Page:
Friday, December 24, 2010


There is a study summarised over at Live Science suggesting that being bullied has evolutionary benefits, and shows some heritability. Given the considerable caveats of relating human social behavior to marmot social behavior, it is nonetheless intriguing to wonder whether there might be any such mechanisms involved in us at all.

The idea seems preposterous at first, with our mindset that evolution encourages survival of the fittest and produces only the strong and persevering. But a moment's reflection brings the reminder that there is some survival advantage to those who say Enough. This dude's crazy. Just get out. Given the long record of tyranny and domination in human history, it is probably some advantage for most of us to have that mechanism kick in eventually. Further, tyrants themselves were often those who rose up through the ranks during the reign of other tyrants. So bullies may in fact be those most likely to possess any be-bullied genetic leanings.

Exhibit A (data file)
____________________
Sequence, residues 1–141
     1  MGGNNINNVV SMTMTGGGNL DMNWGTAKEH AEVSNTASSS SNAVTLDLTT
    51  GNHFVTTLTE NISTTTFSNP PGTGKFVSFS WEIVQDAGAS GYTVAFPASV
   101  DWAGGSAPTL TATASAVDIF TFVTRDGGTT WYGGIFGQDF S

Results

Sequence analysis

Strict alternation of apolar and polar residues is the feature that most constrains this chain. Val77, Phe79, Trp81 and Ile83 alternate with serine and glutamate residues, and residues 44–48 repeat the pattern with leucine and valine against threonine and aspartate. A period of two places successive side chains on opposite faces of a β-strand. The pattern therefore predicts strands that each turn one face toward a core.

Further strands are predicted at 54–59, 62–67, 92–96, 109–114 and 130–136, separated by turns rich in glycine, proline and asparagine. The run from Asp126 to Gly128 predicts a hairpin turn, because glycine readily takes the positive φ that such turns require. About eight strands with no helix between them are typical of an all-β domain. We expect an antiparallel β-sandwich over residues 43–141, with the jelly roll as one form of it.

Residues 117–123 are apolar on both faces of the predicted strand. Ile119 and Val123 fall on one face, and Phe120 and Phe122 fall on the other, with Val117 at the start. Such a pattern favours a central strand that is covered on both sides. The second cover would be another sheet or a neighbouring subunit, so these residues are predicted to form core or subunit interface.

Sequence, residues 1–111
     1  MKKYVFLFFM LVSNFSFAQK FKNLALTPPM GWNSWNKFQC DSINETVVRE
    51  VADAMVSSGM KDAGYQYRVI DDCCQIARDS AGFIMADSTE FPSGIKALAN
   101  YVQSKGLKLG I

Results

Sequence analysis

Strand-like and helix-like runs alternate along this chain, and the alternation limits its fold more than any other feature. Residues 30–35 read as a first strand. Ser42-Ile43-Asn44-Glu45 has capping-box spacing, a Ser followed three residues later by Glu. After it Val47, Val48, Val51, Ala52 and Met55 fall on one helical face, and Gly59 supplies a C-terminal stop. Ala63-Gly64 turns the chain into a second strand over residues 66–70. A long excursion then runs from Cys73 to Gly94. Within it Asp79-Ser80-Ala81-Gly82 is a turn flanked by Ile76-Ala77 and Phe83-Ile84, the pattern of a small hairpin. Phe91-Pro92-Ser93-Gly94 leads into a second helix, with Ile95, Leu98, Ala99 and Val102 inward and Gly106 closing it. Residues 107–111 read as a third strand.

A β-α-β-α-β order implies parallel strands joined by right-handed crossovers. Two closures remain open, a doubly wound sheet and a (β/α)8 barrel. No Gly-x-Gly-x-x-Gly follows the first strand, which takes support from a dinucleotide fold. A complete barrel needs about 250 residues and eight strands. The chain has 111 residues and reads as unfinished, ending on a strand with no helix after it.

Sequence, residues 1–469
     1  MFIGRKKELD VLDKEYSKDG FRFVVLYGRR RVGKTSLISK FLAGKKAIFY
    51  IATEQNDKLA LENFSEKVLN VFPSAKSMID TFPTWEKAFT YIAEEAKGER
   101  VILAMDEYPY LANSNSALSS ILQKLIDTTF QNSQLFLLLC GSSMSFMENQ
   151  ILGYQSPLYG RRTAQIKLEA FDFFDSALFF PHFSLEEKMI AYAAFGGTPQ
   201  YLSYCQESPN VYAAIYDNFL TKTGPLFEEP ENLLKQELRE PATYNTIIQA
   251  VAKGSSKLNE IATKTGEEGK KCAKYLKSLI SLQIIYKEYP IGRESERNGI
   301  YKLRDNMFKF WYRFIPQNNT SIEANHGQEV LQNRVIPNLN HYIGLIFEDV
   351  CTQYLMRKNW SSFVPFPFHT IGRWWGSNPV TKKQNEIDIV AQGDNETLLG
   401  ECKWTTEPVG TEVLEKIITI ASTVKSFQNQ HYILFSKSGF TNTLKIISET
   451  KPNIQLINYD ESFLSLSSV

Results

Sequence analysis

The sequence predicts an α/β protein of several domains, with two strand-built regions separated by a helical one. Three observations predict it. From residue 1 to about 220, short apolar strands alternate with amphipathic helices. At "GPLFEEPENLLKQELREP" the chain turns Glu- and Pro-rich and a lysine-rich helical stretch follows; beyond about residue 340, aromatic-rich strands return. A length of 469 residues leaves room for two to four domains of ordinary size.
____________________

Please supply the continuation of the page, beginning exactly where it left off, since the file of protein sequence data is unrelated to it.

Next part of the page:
It's easy to see the abuses and rationalisations such knowledge could elicit. We already blame victims more than we should, and this looks fair to increase that. But shouldn't we want to know? If there are people who more readily elicit aggression and bullying - who may even invite it from others who would not normally be aggressive - won't attempts to solve problems of violence be forever futile if we ignore that?

I am greatly simplifying complicated things, and it is best not to speculate too far. Yet our tendency is to study criminals, bullies, and control freaks, trying to find if there is something amiss in their genes (and upbringing, and current condition) so that we might make modifications in how we organise ourselves. What if that is only half the story, or less?

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